Author Spotlight: Rebecca Solnit

Author Spotlight: Rebecca SolnitPictured: Rebecca Solnit

Welcome to the world of Rebecca Solnit: one filled with booksshe has written 20—and words, from essays to stories.

Solnit is, in my opinion, one of the greatest and most important writers of our time. She pulls you into her world, then makes you question your own. She fills hopeless spaces with insight and important conclusions. She’s not entirely relentless in her optimism, but she makes you feel like change can happen if you want it to—and we need it to. From her infamous (and highly enjoyable) Men Explain Things To Me to her essays on the web, here’s a quick guide to Rebecca Solnit.

Why should you care?

There are so many people, now and in the past, who have made use of the power of the first person. This is fresh on my mind, as it’s something I’ve been talking about a lot at school, but it’s quite eye-opening. To see how brilliant writers – and, so often women – are using themselves as a scope through which to view the world as a whole and the problems it presents us with is a really powerful tool. One of the best writers doing this at the moment is Rebecca Solnit.

The woman is a force. She is the “author of twenty books on feminism, western and indigenous history, popular power, social change, and insurrection, wandering and walking, hope and disaster”. Twenty books. That’s a book for each year I’ve been alive.

But the thing about Solnit is that she makes the person feel so widely applicable and universal, and that’s her power to me. She can take a personal anecdote, bring you into it so closely that it only feels natural when you step so far out of it to view the problems happening in the wider scope of the world. She weaves her own stories together with other stories, facts, statistics, and questions, and you’re left feeling educated and curious and a bit angry in the best way.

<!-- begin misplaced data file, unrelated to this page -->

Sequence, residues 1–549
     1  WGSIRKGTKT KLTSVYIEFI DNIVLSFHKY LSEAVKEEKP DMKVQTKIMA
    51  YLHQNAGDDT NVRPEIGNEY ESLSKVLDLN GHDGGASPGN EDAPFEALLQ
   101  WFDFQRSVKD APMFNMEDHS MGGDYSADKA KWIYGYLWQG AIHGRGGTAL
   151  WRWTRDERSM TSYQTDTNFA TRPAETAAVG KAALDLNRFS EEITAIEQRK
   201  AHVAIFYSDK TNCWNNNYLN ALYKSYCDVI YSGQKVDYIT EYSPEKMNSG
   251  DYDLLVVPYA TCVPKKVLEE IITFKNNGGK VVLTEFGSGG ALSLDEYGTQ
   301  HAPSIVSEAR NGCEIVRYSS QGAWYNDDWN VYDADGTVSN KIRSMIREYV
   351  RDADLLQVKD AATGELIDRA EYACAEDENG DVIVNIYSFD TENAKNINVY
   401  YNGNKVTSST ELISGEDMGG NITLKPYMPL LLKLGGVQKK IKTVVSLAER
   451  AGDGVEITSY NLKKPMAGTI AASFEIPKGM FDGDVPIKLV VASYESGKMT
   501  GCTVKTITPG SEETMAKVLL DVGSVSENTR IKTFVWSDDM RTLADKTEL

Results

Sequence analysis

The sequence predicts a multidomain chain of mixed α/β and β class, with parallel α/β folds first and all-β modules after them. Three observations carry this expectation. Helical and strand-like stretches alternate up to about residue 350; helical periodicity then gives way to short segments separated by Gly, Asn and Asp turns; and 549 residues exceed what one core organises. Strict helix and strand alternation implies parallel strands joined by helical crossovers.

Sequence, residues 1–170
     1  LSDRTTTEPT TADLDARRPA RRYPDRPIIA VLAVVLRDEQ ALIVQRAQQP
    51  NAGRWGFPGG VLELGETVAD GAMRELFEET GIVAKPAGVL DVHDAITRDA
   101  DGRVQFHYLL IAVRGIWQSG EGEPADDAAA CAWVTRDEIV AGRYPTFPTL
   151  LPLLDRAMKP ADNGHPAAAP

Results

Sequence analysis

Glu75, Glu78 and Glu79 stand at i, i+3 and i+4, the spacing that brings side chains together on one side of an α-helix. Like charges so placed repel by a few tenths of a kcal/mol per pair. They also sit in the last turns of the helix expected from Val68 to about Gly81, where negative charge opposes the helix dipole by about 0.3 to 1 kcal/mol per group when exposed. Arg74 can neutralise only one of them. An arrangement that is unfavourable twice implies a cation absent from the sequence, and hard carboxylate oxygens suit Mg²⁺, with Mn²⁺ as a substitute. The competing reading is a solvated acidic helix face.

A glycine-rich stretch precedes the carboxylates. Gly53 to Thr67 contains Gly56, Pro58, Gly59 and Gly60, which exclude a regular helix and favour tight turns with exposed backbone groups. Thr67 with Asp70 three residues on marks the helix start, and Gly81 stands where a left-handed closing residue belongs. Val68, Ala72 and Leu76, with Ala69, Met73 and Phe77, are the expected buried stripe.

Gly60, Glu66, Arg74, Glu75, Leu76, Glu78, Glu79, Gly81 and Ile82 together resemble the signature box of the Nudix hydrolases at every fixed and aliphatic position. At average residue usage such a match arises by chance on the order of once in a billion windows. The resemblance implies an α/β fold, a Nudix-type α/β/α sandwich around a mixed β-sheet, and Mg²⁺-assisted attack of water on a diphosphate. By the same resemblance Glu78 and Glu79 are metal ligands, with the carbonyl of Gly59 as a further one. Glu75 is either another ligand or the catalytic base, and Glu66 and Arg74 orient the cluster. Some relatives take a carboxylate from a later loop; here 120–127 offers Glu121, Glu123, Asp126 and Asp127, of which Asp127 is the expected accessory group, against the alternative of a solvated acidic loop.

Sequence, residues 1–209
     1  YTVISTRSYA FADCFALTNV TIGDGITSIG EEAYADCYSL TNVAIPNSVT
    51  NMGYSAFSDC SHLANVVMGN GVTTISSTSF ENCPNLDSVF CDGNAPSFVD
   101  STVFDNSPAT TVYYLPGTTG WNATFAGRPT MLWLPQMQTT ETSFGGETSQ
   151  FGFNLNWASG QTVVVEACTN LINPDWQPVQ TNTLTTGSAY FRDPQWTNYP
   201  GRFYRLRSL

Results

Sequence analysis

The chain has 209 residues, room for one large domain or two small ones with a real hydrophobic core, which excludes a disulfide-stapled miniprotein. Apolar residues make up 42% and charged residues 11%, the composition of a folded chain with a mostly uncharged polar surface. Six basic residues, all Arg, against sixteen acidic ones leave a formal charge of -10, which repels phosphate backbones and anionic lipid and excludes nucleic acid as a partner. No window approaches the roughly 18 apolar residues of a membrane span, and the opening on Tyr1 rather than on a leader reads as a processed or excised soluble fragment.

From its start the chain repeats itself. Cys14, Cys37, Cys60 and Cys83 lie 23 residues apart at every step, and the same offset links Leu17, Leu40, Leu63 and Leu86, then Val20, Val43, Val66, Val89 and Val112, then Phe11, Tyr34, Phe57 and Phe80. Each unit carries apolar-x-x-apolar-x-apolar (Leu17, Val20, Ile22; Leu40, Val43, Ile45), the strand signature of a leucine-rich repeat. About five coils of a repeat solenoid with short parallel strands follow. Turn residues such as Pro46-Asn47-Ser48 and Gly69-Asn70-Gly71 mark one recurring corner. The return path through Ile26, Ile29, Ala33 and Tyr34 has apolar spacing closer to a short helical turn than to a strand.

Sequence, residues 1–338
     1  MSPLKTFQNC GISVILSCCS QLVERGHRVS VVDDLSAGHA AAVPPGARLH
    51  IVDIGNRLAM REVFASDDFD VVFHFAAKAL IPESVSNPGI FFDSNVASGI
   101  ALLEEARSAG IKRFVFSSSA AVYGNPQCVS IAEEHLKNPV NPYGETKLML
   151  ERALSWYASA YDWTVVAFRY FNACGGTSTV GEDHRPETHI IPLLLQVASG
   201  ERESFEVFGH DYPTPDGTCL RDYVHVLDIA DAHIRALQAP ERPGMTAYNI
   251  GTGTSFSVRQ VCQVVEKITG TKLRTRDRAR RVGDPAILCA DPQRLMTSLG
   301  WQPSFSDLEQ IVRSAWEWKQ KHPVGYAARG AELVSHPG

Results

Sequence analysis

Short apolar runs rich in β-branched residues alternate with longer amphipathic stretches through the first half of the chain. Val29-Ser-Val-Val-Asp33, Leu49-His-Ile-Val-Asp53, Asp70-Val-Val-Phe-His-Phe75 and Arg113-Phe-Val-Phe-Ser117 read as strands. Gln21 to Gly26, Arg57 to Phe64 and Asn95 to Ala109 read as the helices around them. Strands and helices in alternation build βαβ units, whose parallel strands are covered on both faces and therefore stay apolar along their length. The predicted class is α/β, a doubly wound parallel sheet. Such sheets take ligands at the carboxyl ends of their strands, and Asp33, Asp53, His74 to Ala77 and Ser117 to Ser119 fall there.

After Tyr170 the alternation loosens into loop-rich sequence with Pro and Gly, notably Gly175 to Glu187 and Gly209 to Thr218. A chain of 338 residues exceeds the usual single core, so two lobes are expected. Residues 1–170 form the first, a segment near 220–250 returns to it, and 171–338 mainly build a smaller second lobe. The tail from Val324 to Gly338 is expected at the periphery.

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Jim Herrington (Pictured: Rebecca Solnit)
Where should you start?

One of the great things about her books, which exist as interconnected, related essay collections, is that they’re so easily consumable. What I mean is that none of them are very long, and it is easy to just keep the book by your bed, read a quick essay, and get on – you don’t have to dedicate yourself to a cohesive consumption quite like you would with a novel. This makes them great for everyday life, and it’s one of the (many many) reasons I think they should be required reading for all humans on earth.

Solnit is probably best known for the essays featured in Men Explain Things To Me, a collection that brought about the much-used term “mansplaining.” Read this along with the other essay collections Hope In the Dark and The Mother of All Questions—your heart will rejoice.

Further, her city guides are a true joy. Described (accurately) as “a brilliant reinvention of the traditional atlas, one that provides a vivid, complex look at the multi-faceted nature,” there are editions for New Orleans, San Francisco, and New York. Really, though, read anything – her books about walking and wandering make me want to go walk and think for ages. 

Where else you can turn?

The force of Solnit’s beacon of light in what can feel like such a dark time is nearly blinding. Time and time again, she manages to pierce the cloud of fear, anxiety, and cynicism with the most motivating insight and curiosity. 

If you’re looking for a taste of this now—and you probably are—the internet is your friend. Check out the following pieces: The Guardian’s “Protest And Persist: Why Giving Up Hope Is Not An Option”; “From Lying to Leering, on Donald Trump’s fear of women”; “City of Women”; and this piece about the loneliness of Trump, which fills up a horrible space with the beauty of words.

You can discover more about Rebecca Solnit at her personal website.

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Carliann Rittman
the authorCarliann Rittman
Contributing Writer
Currently at NYU, probably feverishly reading messy memoirs about musicians.